And this one I have to start straight in at ?30. At ?30.
At 30. Do I see 2 anywhere? 32 on the net.
At 32. Clears me now. At 35 at the back.
At ?35. Now 8.
At 35. It's in the room now. 38. Do you want to go 40?
?40 I have in the room. At ?40. At 40. 42. Now 5?
45 at the back of the room.
At 45. Now 8 here.
At 45, back of the room at 45. You are out, internet.
At ?45, then. If you are all done...
Well done, Mark. That result should perk you up a bit.
It is Mark again with his snooker marker board.
I have got ?20 on it.
At 22. 25 with me. 28 at the back of the room.
Clears me now. 28. 30. 32 on the net. 35.
Fresh bidder in the room. At ?35. At 35. Now 8.
38, he says.
40 in the room. 42. No? You sure? At ?42, all done?
Selling to the net, then, at ?42.
You scored a whopper on that one, Mark.
That's what I call potting the black.
Perhaps the usual polar bear fishbowl will help you inch nearer
to first place.
?20 anywhere for him? ?20?
20? ?10, then.
Ah, everyone wants it now, you see.
10. 12. 15. 18. 20.
No. At 25. We got a little way.
At ?25. Right at the back of the room at ?25. You all sure?
It is going to sell, then, at ?25. It can't, surely.
Peeved for you, mate.
What a jaw-dropper of a result for Mark. An unexpected, sore loss.
That's auctions. That's auctions.
My chances of catching up are slipping away, Paul.
It's Paul's turn with the carved mahogany and brass standard lamp.
Start me away, ?30 anywhere for it. Thank you. 30 I have.
35 at the back. At 35. Now 8 out here.
At 35 in the room. No! Get real! At 38. ?40.
42. 45. At 45.
Back of the room at 45.
At 45, then. The bid's in the room.
You all sure? It's going to sell, then, at ?45. Sure is.
Another disappointing result for the boys.
I'm becoming quite unhinged.
You are just becoming, or it's just dawning on you now?
Right, it's Mark's pair of carriage wheels.
?20 anywhere? Thank you, 20 I have.
At ?20. At 20.
Must be somebody else here who fancies a pair of carriage wheels.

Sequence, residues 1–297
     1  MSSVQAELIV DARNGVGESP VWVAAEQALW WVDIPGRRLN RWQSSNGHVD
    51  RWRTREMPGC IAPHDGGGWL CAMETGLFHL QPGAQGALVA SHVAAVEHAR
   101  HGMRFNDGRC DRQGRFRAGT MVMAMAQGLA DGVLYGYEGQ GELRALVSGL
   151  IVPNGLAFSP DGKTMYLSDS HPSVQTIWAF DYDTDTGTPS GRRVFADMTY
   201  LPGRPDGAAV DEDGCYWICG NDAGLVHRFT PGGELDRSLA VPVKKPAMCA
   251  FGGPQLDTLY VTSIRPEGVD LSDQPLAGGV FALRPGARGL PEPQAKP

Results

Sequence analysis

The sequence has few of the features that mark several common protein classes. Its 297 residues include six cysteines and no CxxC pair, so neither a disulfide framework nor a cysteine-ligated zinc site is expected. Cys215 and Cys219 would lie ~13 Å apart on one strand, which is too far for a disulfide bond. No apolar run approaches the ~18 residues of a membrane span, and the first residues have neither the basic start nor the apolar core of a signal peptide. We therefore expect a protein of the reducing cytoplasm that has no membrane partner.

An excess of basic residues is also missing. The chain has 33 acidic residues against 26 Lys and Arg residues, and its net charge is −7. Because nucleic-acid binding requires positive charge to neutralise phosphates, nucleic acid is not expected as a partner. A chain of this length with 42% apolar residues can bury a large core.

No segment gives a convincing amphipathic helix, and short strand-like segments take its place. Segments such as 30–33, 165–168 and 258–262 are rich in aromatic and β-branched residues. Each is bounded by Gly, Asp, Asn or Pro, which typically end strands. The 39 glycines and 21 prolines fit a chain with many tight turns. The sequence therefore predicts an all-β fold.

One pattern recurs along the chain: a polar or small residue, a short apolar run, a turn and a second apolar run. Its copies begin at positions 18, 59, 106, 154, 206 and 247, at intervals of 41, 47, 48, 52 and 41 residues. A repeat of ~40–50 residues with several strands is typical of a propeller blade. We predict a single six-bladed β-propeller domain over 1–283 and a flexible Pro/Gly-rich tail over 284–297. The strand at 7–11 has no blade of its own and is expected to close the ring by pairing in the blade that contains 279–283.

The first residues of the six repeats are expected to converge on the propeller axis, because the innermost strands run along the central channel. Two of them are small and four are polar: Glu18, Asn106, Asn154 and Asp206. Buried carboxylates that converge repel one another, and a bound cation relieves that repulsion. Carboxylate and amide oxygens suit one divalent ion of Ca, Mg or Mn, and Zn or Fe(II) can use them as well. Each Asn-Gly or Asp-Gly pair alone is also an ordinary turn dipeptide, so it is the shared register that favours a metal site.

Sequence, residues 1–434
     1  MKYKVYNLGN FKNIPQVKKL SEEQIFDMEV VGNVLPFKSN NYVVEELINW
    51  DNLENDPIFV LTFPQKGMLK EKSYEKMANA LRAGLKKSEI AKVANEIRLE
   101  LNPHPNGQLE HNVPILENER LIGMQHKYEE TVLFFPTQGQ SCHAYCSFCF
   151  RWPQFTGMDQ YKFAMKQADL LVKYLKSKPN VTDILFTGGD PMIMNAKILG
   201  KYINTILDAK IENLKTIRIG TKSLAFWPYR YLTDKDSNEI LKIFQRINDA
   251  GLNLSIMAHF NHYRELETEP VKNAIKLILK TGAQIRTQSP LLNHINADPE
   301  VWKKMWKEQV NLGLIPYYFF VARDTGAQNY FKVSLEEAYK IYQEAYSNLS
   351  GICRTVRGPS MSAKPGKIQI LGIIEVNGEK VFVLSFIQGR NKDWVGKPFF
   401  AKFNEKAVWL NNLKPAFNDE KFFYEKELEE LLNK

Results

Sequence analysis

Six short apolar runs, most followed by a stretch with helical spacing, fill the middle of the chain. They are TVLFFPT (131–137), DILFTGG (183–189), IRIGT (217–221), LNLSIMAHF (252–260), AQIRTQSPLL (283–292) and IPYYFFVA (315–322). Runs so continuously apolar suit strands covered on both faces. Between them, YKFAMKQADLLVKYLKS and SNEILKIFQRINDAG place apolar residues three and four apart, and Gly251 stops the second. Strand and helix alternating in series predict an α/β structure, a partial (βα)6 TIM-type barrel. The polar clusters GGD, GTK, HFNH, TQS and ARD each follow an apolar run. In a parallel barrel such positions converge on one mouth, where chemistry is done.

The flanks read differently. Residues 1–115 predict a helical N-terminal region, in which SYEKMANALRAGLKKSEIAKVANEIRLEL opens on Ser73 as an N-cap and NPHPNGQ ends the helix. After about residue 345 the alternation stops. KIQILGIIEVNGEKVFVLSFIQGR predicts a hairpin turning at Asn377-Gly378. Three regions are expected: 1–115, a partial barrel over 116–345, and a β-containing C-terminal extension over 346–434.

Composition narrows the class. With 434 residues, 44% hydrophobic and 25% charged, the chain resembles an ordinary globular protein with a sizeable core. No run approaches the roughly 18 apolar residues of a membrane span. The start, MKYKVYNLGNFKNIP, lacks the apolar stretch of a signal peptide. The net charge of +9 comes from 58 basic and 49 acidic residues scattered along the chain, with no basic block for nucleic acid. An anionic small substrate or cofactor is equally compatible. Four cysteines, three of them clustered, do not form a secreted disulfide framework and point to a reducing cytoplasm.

At ?20. Going to go for a maiden bid of ?20.
You all sure? All done.
There is someone hovering on the internet, this is exciting.
Build up. Come on. 22, I knew there was someone out there. 25. At 25.
Do you want to go 28? Yeah, 28. 30 at the back. Come back with 2.
At 32. We'll help you carry them onto your lorry. At ?30.
There you are, did the trick. 32. At 32.
35 it is. At ?35. Don't go quiet on me now.
At ?35, it is a room bid. You sure out there? 38.
At 38. 40. Yeah, I knew he'd go again. At ?40. Now 2.
At 42. At 42. You sure this time?
All done, selling to the net buyer at ?42.
Certainly an exciting play between bidders,
but just not enough to help Mark.
I can relax now, it's down to your last lot.
It's the final lot of the day - Paul's stunning set of wine glasses.
?20? 20? All those glasses, 20?
?10, then. You see? Everyone wants it now.
10. 12. 15. Go on. 18.
18. 22 I've got on the internet now.
They're galloping off now, 28, 30.
At 32. 35. 38. 40. That's better.
42. 45. 48. 50. 5. At 55. 60. 70.
80. 90. 100. Excellent, ?100.
At ?100. On the internet at 100. Oh, he's back again at 110.
120. 120 it's going to be.
We'll take that. Well done.
Another stonker of a profit from Paul.
So, for the fifth time, he is the reigning supremo at auction.
You fancy a wee cruise in a classic car, maybe a pint at the end?
Oh, go on, then, if we have to. Can I tempt you? If we have to.
Shall we? Come on.
Mark started this leg with ?366.26
and, after paying auction costs, made a small profit of ?42.92,
bringing his final earnings to ?409.18.
Paul started with a mighty ?782.04
and, after costs, made another whopping profit of ?107.86,
giving him a wondrous ?889.90 to finish on.
And that means he is crowned jubilant winner.
All profits our experts make will go to Children In Need.
That's it, over for another year.
Man alive! Belter, though. Oh, it was fabulous.
All you've got to do now, Paul, is drive me into the sunset.
Come on, then, amigo, let's do it. This way.